Friday, September 4, 2015

Growing old in the Middle Ages

"In the Middle Ages, everyone was middle-aged!"  Umm, no.

As I noted in my earlier post on medieval life expectancy, the "life span" then was the same as it is now.  That is, although the average age a person might reach, barring disease and disaster, before major body parts started wearing out was the same then as now, in practice most people in the Middle Ages would not make it to the age of 70, 80, or more that modern actuarial tables suggest.  A lack of modern medicine, malnutrition, and rough living would do in a lot of people in their 50s.

But some people certainly grew old, even if "old" kicked in earlier for them than it does for us.  And there are documented cases of rare people making it past 100--one is Saint Anthony, founder of monasticism in Egypt during late antiquity.

Old people were revered for their wisdom in the Middle Ages.  Leaders like bishops and abbots were assumed to hold their office for life, rather than being pushed out at 65.  Medieval old people were not put out on the ice floe!  In practice, bishops and abbots might retire if they felt their strength was failing, but they rarely lived more than another year or so, not enjoying any "golden years" retirement.

Among the peasants, everyone worked until they physically could not any more, at which point they transitioned into being the voice of wisdom, telling their children all they had learned in many years of experience, whether the next generation wanted to listen or not.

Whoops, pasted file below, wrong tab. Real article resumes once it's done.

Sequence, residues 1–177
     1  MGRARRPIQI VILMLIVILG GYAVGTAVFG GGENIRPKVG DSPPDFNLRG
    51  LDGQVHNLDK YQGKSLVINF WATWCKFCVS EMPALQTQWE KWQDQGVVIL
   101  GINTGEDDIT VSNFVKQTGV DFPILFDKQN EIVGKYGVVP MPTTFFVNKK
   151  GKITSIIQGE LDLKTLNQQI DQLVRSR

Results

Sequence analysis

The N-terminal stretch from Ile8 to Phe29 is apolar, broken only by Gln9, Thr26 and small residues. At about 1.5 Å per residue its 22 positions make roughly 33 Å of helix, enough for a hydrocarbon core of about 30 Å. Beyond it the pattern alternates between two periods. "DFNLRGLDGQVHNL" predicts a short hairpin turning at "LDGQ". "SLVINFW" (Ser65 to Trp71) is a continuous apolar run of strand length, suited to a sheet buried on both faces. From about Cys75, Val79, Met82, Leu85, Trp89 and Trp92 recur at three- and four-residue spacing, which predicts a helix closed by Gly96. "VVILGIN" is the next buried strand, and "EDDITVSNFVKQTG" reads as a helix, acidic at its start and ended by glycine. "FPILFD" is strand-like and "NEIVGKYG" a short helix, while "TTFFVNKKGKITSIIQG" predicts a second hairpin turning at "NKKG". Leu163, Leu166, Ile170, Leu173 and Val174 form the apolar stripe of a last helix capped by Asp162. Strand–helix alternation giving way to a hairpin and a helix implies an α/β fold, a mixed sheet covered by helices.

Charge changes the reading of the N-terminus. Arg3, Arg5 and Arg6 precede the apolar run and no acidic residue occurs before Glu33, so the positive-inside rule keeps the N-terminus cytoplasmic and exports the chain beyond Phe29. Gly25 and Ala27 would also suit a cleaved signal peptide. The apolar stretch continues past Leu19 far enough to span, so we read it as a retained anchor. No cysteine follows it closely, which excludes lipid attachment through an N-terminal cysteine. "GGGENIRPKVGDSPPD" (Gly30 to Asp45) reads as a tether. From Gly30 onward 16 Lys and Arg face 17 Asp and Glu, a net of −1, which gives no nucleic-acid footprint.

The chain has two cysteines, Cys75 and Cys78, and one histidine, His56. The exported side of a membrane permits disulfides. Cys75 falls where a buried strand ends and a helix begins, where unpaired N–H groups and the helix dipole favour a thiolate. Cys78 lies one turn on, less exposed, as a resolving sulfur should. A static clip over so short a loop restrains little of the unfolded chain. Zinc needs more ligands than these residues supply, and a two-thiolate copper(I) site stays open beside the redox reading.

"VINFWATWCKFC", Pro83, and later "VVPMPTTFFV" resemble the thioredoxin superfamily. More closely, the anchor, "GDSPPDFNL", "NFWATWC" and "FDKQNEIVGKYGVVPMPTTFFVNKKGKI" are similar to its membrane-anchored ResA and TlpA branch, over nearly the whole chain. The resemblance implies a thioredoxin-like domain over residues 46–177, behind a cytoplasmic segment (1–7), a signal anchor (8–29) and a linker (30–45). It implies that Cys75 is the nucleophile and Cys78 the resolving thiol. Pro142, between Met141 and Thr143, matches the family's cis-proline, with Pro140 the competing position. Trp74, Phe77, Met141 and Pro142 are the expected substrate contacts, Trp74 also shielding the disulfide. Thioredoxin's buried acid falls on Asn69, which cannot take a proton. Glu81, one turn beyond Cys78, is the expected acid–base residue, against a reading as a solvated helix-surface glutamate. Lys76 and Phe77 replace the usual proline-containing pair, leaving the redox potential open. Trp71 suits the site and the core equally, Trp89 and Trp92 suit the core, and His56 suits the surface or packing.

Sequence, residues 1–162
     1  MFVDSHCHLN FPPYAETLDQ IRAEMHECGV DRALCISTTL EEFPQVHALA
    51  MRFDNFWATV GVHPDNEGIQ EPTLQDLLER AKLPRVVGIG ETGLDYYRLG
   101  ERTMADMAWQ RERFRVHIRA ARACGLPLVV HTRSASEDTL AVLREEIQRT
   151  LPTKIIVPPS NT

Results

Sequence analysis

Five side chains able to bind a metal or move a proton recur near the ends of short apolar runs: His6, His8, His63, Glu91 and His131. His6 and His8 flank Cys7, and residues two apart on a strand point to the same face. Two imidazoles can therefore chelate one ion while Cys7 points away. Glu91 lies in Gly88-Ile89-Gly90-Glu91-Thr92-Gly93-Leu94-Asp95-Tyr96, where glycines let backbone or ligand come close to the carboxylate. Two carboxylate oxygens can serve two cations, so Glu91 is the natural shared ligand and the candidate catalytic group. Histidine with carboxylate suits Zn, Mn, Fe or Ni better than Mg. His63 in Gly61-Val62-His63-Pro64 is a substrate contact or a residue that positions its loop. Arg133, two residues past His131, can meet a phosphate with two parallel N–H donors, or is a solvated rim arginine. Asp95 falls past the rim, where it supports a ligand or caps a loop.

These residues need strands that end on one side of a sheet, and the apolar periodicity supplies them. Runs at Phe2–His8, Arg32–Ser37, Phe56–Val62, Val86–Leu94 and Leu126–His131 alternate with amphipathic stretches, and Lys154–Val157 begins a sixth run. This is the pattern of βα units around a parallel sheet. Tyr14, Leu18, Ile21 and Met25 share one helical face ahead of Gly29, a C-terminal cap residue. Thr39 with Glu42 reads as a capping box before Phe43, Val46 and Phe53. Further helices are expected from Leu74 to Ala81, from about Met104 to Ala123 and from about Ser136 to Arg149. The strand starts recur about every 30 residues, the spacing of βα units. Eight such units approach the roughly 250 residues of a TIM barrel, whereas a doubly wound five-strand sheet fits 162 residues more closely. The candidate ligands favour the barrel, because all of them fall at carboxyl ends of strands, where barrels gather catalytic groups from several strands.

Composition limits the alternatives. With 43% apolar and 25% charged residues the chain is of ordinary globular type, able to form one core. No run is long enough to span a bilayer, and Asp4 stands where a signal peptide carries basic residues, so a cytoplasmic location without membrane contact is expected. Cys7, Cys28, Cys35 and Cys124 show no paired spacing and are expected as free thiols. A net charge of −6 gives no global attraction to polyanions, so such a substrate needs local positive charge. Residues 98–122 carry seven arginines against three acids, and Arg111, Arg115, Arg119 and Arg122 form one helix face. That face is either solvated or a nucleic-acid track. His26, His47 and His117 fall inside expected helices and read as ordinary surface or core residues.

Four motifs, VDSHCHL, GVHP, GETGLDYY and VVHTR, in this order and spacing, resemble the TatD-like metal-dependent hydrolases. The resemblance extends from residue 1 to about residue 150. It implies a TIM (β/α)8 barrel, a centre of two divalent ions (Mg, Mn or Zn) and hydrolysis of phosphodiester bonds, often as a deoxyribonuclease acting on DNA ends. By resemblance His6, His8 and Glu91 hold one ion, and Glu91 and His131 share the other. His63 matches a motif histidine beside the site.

Among the aristocracy, heirs waiting to inherit might encourage their parents to retire to a monastery.  In practice, aristocratic women were much more likely to do so than aristocratic men.  If widowed in their 40s, having seen their children more or less grow up, they might decide that they had had enough of a world of men and go off to be nuns.  These widows were very often persuaded to become an abbess, because of their administrative experience.

In other cases, widows stayed in the world.  One Burgundian countess in the thirteenth century survived both her husbands, argued with the new bishop of Auxerre who thought she ought to help carry him in procession on the day he was consecrated, and arranged the marriages of her children, grandchildren, and great-grandchildren.

In the modern West, most older people wear glasses, and some have had cataract surgery.  Medieval people without good eyesight would just have had to grope along.  (I myself would have been blind as a bat.)  Eyeglasses first appeared in the fourteenth century, mostly for reading and very expensive, and cataract surgery only came into its own in the 1960s.

Few old people would have lived by themselves, because children did not move far away as often happens in modern America.  As they became less able to take care of themselves, their families assisted them.  Most would have been carried off by disease (such as pneumonia) or infection long before memory issues became much of a problem.

Many people now draw up living wills, saying that they don't want to be kept alive by machines and feeding tubes.  This would not have been a concern in the Middle Ages.

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